Tuesday, February 26, 2013

Listening is the hardest skill to master

Waiting for the coming snow storm, writing odds and sods, listening to the wind outside and the silence in the house...

Silence is rare. We put on music, have TVs play in the background, radios hum, appliance motors kick on, BBs beep. Oh - and there goes my graceful cat, tumbling like a bowling ball down the stairs. There is always some form of noise happening; no wonder stopping to listening is hard. We are attuned to noise and can sometimes not notice a switch in the tone indicating a need to truly listen.

There are courses and books about how to listen offering great advice like:

  • Ask more questions and wait for the answers
  • Don't interrupt (have you met my family?)
  • Paraphrase what you believe you heard to indicate listening and ensure you've got the message correctly.

We all want to be heard. We have great stories to tell and ideas to share. It's true we don't listen well but it's rarely from malice or disdain.

It's a two-way effort. With so much background noise, so much information coming to us on a daily basis, so many things competing for our attention, the speaker also needs to help the audience listen.

  • First, by asking for undivided attention. If something doesn't require undivided attention, don't ask for it.
  • Then helping the audience be in a place where listening is possible. A quiet room. A scheduled time. A private space. 
  • Frame the message clearly: what I need you to know; why; if there is some action to be taken. 
  • Allow for questions (that's the best place for background information).
  • Restate the key point and request. 

Listening is a collaborative skill - it's one half of the conversation.

Tuesday, February 19, 2013

Post-Valentine's Day

I used to throw an Anti-Valentine's Day bash for several years. It started as a small dinner at my house, complete with balloons, wine and a B-movie from the 50s. It grew to be a massive pot luck for 50 where all the food was red or black and my favourite gift was a bouquet of beheaded dead roses. For many years after that it was held at a bar, playwrights did reading of anti-love scenes and I know of at least one proposal. Then I took a break.

Surrounded by the hearts, the flowers, the chocolate (in which I indulged) this year, I found myself a little less cynical. So what if it's a commerical cash grab? Why not have a day when it's ok to give a hug and say "I love you"? We often try so hard to avoid connecting that maybe a little help can't hurt.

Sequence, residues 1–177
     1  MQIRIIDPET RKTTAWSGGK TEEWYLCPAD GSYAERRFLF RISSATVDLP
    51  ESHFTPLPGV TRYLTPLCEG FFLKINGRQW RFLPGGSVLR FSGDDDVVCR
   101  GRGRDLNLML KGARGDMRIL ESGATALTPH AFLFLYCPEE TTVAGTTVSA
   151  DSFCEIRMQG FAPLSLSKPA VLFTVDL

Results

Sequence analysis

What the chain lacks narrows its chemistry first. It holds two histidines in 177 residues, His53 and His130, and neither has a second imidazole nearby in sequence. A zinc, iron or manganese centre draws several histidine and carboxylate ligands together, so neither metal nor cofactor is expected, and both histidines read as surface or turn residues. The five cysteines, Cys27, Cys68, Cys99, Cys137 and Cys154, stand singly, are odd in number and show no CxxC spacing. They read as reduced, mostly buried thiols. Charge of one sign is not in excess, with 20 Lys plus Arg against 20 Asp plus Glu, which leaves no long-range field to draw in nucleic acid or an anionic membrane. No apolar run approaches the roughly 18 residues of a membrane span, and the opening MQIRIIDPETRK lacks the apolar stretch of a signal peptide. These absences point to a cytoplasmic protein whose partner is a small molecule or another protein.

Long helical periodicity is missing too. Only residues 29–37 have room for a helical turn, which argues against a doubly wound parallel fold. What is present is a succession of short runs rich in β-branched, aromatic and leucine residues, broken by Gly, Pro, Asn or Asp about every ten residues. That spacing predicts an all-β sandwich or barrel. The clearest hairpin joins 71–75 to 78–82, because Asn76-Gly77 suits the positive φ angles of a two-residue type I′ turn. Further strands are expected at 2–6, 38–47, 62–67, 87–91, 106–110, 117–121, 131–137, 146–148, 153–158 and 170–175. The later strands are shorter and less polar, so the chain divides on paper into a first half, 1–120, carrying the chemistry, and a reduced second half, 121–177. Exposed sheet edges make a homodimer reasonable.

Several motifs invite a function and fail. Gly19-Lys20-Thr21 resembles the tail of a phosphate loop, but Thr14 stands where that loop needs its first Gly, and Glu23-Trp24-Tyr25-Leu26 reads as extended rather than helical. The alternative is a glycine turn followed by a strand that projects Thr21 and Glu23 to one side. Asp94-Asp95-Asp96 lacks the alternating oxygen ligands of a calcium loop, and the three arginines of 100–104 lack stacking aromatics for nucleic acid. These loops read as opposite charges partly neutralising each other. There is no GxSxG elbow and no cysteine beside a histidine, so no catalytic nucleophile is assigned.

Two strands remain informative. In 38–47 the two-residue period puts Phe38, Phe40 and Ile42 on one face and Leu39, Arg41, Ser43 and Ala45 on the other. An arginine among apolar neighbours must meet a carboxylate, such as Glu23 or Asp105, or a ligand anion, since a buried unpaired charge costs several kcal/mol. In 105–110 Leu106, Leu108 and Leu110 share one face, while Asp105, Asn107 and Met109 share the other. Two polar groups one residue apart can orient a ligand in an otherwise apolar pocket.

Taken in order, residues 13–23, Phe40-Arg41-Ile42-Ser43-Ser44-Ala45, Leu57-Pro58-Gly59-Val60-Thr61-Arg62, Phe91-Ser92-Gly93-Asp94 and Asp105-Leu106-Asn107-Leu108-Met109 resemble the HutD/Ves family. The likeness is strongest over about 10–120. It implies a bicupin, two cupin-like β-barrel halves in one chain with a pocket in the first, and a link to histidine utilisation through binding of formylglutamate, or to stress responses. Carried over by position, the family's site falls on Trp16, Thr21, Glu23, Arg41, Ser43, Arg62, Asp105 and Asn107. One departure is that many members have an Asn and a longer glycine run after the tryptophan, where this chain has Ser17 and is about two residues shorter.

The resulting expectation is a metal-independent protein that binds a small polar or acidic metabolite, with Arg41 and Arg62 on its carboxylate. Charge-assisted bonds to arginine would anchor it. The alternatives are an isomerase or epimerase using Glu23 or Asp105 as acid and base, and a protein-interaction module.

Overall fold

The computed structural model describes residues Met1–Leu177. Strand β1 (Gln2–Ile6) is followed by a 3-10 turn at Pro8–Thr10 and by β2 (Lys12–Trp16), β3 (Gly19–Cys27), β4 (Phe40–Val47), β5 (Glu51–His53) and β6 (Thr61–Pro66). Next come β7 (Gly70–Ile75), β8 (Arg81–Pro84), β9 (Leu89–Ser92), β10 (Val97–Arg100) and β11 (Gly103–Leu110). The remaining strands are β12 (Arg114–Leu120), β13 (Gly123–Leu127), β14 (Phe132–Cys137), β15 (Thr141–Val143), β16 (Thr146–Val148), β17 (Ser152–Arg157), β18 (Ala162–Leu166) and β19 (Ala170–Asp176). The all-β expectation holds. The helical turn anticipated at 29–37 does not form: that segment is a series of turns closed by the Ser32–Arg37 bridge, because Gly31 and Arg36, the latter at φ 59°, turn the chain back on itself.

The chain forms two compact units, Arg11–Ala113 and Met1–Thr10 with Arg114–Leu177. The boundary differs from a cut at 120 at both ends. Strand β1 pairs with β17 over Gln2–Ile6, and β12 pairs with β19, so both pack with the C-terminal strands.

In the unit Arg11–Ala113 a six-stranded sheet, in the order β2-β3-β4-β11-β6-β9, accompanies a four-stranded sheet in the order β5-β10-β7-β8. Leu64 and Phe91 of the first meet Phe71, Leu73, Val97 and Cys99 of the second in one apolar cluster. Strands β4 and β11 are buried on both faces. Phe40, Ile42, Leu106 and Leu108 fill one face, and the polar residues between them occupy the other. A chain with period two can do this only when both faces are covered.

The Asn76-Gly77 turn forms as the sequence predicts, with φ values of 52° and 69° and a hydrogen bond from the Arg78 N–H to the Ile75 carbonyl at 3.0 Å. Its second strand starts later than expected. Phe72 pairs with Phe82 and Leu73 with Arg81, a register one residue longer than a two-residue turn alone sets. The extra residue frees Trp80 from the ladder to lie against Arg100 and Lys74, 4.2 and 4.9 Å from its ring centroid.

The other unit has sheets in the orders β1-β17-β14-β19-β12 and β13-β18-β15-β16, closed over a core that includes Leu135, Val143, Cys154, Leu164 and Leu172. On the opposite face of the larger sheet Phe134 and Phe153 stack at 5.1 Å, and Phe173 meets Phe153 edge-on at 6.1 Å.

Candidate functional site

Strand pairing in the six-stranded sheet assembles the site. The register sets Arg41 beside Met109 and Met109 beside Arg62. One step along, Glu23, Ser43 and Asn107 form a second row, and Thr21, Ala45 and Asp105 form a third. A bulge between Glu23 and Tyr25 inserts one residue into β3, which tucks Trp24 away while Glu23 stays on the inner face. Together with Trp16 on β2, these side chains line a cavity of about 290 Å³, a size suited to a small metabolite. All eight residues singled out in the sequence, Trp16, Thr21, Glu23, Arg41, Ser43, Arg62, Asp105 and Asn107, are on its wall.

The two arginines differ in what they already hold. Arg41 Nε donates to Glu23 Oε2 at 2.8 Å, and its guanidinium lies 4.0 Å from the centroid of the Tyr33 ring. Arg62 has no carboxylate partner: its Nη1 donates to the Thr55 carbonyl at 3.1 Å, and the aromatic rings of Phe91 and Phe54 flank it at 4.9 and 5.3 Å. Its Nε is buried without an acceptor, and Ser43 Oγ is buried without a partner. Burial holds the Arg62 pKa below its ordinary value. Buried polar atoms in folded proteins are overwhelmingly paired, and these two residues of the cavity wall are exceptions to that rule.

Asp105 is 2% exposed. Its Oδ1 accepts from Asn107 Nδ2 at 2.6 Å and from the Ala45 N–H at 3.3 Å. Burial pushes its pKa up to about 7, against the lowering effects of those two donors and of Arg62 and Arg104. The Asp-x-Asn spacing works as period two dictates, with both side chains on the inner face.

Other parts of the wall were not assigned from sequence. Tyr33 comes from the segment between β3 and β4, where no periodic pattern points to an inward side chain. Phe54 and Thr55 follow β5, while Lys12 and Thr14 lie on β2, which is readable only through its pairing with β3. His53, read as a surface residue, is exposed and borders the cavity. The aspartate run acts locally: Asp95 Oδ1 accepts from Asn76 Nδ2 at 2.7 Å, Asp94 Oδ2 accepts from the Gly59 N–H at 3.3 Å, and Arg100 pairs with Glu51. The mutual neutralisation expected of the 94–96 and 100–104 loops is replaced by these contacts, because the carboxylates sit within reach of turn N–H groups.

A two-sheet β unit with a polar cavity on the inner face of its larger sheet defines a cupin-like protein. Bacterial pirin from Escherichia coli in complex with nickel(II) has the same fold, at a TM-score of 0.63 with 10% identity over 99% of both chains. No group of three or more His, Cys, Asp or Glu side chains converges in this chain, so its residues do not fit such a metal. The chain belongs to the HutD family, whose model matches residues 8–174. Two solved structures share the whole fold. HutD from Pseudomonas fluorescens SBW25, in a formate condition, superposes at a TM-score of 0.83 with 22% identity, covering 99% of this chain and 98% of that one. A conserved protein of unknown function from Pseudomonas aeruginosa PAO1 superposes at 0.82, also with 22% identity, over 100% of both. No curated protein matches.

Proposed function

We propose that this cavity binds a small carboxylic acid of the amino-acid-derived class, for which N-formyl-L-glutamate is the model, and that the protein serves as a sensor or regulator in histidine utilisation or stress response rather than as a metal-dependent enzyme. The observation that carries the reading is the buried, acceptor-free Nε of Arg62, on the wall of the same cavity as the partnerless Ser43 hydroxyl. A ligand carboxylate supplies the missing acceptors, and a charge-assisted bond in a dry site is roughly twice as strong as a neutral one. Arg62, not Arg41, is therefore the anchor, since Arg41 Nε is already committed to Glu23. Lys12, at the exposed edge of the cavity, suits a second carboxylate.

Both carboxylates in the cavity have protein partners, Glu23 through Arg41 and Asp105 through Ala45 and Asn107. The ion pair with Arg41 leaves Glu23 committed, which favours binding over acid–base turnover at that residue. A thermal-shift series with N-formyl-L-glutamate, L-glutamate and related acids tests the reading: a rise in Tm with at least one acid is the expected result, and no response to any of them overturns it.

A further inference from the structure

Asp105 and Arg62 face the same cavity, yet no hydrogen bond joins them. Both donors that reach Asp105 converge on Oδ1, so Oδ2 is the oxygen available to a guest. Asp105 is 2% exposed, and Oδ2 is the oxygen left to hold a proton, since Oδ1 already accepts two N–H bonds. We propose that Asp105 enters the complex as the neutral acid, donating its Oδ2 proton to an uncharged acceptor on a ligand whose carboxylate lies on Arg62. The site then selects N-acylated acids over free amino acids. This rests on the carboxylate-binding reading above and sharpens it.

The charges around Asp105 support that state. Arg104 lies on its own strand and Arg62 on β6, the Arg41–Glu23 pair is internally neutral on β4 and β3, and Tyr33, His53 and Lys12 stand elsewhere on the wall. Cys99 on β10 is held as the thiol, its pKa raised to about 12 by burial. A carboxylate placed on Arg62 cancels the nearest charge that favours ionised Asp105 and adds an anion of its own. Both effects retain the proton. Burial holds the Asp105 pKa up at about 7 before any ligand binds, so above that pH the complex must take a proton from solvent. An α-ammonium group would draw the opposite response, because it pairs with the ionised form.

This week I plan to hand out "post-Valentine's Day hugs." Mostly for myself :-) but hopefully creating a moment for some of my circles along the way.Silly? Maybe. Cynical? Less so every year.

Monday, February 11, 2013

Networking Events 101 - play hostess

There are few worse feelings than going to an event to network and then standing on the side. It conjures up every high school dance ever attended, every bad party, every school sports team where I was picked last. (softball was my game; dodge ball was not)

If you've got your introduction down and are prepared for the event but still can't simply wade into the crowd, then here are a few ways to avoid the wallflower syndrome:

1 - Volunteer
Hand out drink tickets; pass out name tags; greet people... if you have a reason to be in the room, it is easier to talk to people.

2 - Play hostess
So what if it isn't your event! Bring a plate of nibblies to the ladies working the reception desk; ask the organizer if you can do something to help; offer to usher speakers to the podium

3 - Adopt other wallflowers
Find folks standing alone and go stand with them. Ask if they know anyone. Suggest you both walk up to other groups or start your own and collect more wallflowers. People are often grateful for the support.

Any other ideas?

Monday, February 4, 2013

Small talk

I'm not sure how to conquer small talk...

I understand its purpose; small talk is how we bridge personal distance and build relationships by finding common interests (or intriguing opposites). It is key to networking. It is usually focused on positive or neutral topics and helps us decide how much closer (or not) to bring someone into our circles. It requires very little vulnerability and requires no ongoing commitment should the budding relationship not go any further.

Knowing all that doesn't make it easier to do.

No one wants to appear boring /dull/ zoned out. Yet, when we don't know someone, how are we to have an engaging conversation without having an established connection or topic?

I'm as guilty as anyone about talking about the weather. Searching for common ground in the first two minutes (sometimes the only two minutes) of conversation is tough.

Here's a few ways that I try to connect:

  • pay a compliment about something that matters to me (shoes! or a great comment or the speaker or an idea raised)
  • ask a question for which the answer matters to me (where did you get those shoes? or "Did I hear correctly when X was said?")
  • if I'm stuck on the weather, make it  more personal to solicit an opinion or commiserate (How many of your team couldn't make it in today? Can you believe people were out in loafers and no socks?)
  • talk about the food (if there is any) ... I love figuring out what's in things or what might complement the dish and that usually raises spirited debate and helps me find interesting folks (or restaurant recommendations)
  • play hot potato and hope the new addition kick-starts a good topic
  • acknowledge the search for a topic and ask "what do you think is the hot topic in this room?"
Any other ideas?